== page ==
Saturday, October 3, 2009

Mandevilla x 'Ruby Star' and other plants on the back deck

Someday this space will no doubt be an enclosed sunroom; whether we do it or those who follow? Who knows. Now it's a great place to grow sunny annuals, tropicals, or to summer out orchids.

This morning was one of those days that make all the work worthwhile. It wasn't raining which was good. It had rained .25 inches...also good. Sixty degrees F seemed like a perfect temperature and the early morning sun inflamed flowers and refracted through the remnants of rain. A good morning.

Red Mandevillas are suddenly available everywhere. There are a handful of selections and I'm not qualified to judge which is best; I know that this one is 'Ruby Star'. It came up from Florida this past April and has covered a 4 foot trellis and made forays into an adjacent Crape Myrtle. At this point I'll probably just let it grow.

I keep two geraniums over the winter, these two. I don't know the names of either one but they're obviously beautiful. I know there's a strain of thought that says the old fashioned scarlet ones are the only Geraniums to grow, but I like these. The pink pots once held Knockout roses that went into one of Karen and the boy's landscape jobs. They help tie the deck to the multitudes of pink flamingos in the garden. That's either good or bad? The mermaid, a gift from my sister, is cast iron and was not posed for this picture. That's where she lives summer and winter. I have a smaller flatter version that can open bottles; she was useful last night at Octoberfest festivities. I have it on good authority that there's also a 5 foot version that must be quite weighty.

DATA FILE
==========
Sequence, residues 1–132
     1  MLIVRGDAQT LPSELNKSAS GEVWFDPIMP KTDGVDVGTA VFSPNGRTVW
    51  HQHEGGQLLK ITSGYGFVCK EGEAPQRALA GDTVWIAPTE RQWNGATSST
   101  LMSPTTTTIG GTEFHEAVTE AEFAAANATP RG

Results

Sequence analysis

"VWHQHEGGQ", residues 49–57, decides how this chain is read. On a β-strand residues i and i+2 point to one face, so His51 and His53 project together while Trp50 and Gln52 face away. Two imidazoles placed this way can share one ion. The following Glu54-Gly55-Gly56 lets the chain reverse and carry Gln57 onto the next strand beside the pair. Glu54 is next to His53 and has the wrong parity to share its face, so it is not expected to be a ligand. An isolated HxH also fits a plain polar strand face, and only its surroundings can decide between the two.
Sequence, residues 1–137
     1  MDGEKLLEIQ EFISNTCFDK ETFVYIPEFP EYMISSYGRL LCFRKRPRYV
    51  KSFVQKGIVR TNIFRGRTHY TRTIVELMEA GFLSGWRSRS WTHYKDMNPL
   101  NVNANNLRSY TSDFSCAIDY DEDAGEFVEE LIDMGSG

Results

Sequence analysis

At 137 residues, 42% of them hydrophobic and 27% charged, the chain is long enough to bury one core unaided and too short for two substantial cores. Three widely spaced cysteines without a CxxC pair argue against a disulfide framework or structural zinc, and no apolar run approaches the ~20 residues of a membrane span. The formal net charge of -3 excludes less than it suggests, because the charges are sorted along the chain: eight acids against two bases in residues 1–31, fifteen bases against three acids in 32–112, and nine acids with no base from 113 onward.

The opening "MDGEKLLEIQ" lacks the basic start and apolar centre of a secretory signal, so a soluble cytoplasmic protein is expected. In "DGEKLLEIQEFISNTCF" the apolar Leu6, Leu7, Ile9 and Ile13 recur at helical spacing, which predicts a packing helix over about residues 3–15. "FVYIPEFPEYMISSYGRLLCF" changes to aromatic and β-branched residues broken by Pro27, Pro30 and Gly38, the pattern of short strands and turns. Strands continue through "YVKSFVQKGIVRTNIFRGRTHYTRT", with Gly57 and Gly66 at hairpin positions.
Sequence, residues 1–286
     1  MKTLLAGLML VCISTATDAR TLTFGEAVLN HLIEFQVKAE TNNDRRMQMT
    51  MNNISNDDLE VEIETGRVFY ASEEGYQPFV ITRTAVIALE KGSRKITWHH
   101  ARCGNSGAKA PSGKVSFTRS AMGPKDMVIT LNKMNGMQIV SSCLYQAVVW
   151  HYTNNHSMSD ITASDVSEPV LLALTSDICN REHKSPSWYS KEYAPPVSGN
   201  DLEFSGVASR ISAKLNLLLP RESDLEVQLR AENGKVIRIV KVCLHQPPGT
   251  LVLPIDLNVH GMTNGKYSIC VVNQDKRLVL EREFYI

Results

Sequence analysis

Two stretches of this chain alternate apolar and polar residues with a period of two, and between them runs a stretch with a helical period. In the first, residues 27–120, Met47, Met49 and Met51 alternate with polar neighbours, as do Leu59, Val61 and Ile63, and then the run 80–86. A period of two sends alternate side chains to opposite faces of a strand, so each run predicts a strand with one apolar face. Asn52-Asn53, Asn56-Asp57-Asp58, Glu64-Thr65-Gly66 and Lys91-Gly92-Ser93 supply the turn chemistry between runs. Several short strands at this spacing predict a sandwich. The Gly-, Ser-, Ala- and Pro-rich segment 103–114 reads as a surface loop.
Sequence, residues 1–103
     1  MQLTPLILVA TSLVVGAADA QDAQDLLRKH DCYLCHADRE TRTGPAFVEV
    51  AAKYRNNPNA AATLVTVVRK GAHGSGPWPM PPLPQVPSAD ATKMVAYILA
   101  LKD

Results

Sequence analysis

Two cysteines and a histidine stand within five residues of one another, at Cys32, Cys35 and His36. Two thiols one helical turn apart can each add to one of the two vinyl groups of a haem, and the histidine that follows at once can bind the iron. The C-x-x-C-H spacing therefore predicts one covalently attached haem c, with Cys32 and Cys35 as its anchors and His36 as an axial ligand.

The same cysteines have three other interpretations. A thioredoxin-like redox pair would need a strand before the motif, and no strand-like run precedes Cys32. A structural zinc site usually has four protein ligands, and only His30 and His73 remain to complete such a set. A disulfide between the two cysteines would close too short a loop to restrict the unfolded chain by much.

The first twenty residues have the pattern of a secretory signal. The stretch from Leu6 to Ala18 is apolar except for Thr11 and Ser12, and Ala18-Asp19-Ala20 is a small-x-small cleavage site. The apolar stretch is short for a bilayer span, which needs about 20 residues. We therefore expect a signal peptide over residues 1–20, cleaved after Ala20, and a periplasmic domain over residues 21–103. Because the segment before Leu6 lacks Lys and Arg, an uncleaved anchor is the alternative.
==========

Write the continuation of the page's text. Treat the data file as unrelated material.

Sansevieria grandis and some Philodendron cultivar live happily on the back rail. They are shaded by a large market umbrella and so never get any direct sunlight. The Sansevieria, of course, requires almost no care and not much water. The Philodendron, which has been around for 15 years or so, gets top-dressed with the discarded orchid mix from culled orchids. That sounds cruel, but orchids accumulate and when their numbers get too high, the level of care they get plummets and they all suffer. Once in a while one or two have to go.

No comments: